Monday, July 30, 2012
The Hubway bicycle program is adding 11 new station around Boston, none in the Parkway area. Is it a matter of West Roxbury not being bike-friendly?
The Hubway Bike Program is adding 11 new stations around Boston, none of which are in the Parkway area. New stations are to be added in Roxbury, Dorchester, Charlestown, Allston, and in the downtown core of Boston. The listed neighborhoods have more car traffic compared to West Roxbury, but are not greater tourist spots. So why not adding a Hubway station to West Roxbury? Would the neighborhood not use the bicycles, or would people not use them to pedal into West Roxbury? And how bike-friendly is West Roxbury? The neighborhood roads seem to be good to ride through due to few cars, but how are our main thoroughfares for bicycling? Particularly Centre and Spring streets? Dare I ask - how's biking on the VFW Parkway? Take the polls and …
Thursday, July 26, 2012
More bicyclists are on the streets of Boston. That's good for a lot of reasons. But will we start to see more bicyclists running into pedestrians?
Most of the recent news about bicycling in Boston is positive: More people are bicycling and the city is becoming an easier place to bike. But when you put more pedestrians and two-wheelers crossing the same streets and intersections, bad things could happen. Especially when one or both parties are flouting traffic rules. Boston pedestrians don't seem to pay much attention to whether the crossing light is red or green. And we've all seen bicyclists zoom through red lights. A recent infamous case comes out of San Francisco, where a bicyclist ran a red light and slammed into a pedestrian. The man fell and hit his head. He died a few days later. Atlantic Cities recently posted a round-up of cyclist-on-pedestrian incidents. They conclude it'…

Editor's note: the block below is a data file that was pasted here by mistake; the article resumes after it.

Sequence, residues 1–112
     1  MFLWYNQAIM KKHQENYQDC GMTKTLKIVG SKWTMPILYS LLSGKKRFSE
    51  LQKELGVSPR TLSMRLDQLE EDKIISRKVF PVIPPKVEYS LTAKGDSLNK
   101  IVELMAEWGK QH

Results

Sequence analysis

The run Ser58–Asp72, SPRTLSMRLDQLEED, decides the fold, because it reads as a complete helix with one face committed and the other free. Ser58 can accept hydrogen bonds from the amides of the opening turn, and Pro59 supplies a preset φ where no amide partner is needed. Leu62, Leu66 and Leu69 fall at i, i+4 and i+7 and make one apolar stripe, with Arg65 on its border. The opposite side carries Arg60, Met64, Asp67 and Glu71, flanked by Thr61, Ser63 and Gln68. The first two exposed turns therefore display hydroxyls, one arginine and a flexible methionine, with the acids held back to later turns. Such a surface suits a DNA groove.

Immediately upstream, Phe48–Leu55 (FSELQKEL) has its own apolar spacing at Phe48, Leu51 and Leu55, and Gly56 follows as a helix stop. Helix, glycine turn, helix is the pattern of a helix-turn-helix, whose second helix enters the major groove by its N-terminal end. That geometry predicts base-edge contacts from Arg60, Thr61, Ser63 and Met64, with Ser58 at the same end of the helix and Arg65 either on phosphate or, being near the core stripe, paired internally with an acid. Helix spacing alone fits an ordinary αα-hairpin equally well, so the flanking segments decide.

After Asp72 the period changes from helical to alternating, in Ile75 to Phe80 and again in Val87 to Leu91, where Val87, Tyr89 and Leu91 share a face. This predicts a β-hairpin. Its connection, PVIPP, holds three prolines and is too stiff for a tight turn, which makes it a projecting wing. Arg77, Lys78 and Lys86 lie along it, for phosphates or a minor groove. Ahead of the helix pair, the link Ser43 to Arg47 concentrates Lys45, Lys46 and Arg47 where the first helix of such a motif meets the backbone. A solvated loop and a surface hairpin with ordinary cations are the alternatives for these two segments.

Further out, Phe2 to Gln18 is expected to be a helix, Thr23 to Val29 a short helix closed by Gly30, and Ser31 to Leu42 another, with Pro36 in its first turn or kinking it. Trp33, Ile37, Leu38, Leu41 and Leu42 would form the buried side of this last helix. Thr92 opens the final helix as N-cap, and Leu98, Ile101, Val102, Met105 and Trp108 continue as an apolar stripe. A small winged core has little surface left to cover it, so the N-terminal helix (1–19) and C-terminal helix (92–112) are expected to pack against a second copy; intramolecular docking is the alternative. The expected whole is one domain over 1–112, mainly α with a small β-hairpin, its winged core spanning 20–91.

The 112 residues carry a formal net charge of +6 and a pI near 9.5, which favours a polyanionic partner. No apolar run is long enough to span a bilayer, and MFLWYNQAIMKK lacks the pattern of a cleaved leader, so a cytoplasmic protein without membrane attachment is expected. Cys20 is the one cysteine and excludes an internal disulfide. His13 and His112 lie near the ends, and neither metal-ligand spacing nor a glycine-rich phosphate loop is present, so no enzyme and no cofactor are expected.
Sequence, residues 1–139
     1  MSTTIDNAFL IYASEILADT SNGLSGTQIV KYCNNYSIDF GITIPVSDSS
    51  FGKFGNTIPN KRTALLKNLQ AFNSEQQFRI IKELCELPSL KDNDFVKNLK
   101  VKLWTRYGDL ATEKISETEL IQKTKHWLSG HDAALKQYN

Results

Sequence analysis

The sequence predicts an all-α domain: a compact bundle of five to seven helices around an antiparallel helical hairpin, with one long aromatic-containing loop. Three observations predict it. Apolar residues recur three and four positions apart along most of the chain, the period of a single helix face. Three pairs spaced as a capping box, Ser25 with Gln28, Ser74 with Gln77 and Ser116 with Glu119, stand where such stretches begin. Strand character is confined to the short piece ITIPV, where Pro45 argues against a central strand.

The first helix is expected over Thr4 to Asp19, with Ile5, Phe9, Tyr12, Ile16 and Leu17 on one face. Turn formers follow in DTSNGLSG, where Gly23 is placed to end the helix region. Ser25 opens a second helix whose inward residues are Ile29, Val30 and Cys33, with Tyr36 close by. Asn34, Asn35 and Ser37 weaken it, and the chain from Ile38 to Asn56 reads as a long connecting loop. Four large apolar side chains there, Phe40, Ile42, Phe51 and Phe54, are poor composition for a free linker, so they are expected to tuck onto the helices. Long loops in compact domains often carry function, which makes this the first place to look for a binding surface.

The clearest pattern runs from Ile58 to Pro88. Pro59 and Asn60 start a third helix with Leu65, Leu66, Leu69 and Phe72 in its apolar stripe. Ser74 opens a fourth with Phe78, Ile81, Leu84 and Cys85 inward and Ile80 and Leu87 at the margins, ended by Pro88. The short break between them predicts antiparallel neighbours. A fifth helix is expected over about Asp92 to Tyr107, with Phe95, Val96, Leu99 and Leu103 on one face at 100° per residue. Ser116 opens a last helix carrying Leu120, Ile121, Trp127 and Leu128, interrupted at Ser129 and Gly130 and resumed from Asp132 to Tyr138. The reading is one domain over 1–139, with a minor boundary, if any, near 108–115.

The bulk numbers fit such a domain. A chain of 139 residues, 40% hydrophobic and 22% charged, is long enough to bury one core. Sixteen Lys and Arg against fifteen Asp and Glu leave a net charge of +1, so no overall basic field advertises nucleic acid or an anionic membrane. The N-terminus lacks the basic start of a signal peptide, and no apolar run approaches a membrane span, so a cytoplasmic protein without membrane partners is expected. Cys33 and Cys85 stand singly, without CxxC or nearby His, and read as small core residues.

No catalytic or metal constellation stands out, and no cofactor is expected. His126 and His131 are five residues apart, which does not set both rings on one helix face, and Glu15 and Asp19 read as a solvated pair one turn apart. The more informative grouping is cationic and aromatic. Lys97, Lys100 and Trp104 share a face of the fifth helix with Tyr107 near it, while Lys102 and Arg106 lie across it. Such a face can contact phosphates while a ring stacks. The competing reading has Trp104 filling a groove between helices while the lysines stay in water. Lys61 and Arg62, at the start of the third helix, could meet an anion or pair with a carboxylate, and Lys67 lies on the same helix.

Saturday, June 30, 2012
Are you committed to helping improve life for bicyclists in Boston? The Boston Cyclists Union is looking for you.
- VOLUNTEERS IN THE NEWS
- Chris Helms
Saturday, June 30, 2012
Are you a Bostonian who is serious about bicycling? I mean more serious than just participating in the latest UHub flame war between bike riders and car drivers. The Boston Cyclists Union is looking to add new board members. They want committed bike advocates with experience with volunteering and fundraising. They'll want you to bring some specific expertise too, like accounting, graphic design or urban planning. Interested? The union has all the information you'll need.
Tuesday, June 5, 2012
Three bicyclists have died in the past five years along Huntington Avenue.
Even while Boston has become a more bike-friendly city, there are still perils of bicycling. In the wake of Friday's fatal bike wreck on Huntington Avenue, bikers who use the busy, narrow street say it is a dangerous but an essential way to get around the city. "It's hard to ride on Huntington," said Lucy McDermott, a Northeastern student who relies on her bike, "but we do it because we have to." McDermott also relies on her friends. She bikes with fellow Northeastern students Jessica Feldish and Teresa Bryant whenever possible. By riding in a staggered formation they can take up a whole lane, as is their right as cyclists. The trio had stopped by a memorial to the woman who died Friday, 28-year-old Boston College graduate student Kelsey…